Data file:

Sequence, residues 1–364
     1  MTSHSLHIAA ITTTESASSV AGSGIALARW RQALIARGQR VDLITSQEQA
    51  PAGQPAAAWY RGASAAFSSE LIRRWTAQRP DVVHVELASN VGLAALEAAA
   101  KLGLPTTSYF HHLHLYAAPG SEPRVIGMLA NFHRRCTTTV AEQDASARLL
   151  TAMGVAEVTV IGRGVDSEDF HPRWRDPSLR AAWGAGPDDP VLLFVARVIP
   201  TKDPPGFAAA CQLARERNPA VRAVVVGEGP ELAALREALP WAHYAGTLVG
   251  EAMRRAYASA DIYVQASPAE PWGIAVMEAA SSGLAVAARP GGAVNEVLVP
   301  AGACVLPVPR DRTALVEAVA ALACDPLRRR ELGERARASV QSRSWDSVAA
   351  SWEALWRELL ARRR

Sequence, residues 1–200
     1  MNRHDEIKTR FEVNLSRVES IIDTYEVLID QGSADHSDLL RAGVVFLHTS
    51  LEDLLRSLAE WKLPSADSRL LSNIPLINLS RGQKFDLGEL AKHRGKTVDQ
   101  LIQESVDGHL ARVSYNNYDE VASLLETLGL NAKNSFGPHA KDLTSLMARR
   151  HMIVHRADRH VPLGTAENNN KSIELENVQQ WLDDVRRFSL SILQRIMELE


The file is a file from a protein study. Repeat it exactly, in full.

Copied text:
Sequence, residues 1–364
     1  MTSHSLHIAA ITTTESASSV AGSGIALARW RQALIARGQR VDLITSQEQA
    51  PAGQPAAAWY RGASAAFSSE LIRRWTAQRP DVVHVELASN VGLAALEAAA
   101  KLGLPTTSYF HHLHLYAAPG SEPRVIGMLA NFHRRCTTTV AEQDASARLL
   151  TAMGVAEVTV IGRGVDSEDF HPRWRDPSLR AAWGAGPDDP VLLFVARVIP
   201  TKDPPGFAAA CQLARERNPA VRAVVVGEGP ELAALREALP WAHYAGTLVG
   251  EAMRRAYASA DIYVQASPAE PWGIAVMEAA SSGLAVAARP GGAVNEVLVP
   301  AGACVLPVPR DRTALVEAVA ALACDPLRRR ELGERARASV QSRSWDSVAA
   351  SWEALWRELL ARRR

Sequence, residues 1–200
     1  MNRHDEIKTR FEVNLSRVES IIDTYEVLID QGSADHSDLL RAGVVFLHTS
    51  LEDLLRSLAE WKLPSADSRL LSNIPLINLS RGQKFDLGEL AKHRGKTVDQ
   101  LIQESVDGHL ARVSYNNYDE VASLLETLGL NAKNSFGPHA KDLTSLMARR
   151  HMIVHRADRH VPLGTAENNN KSIELENVQQ WLDDVRRFSL SILQRIMELE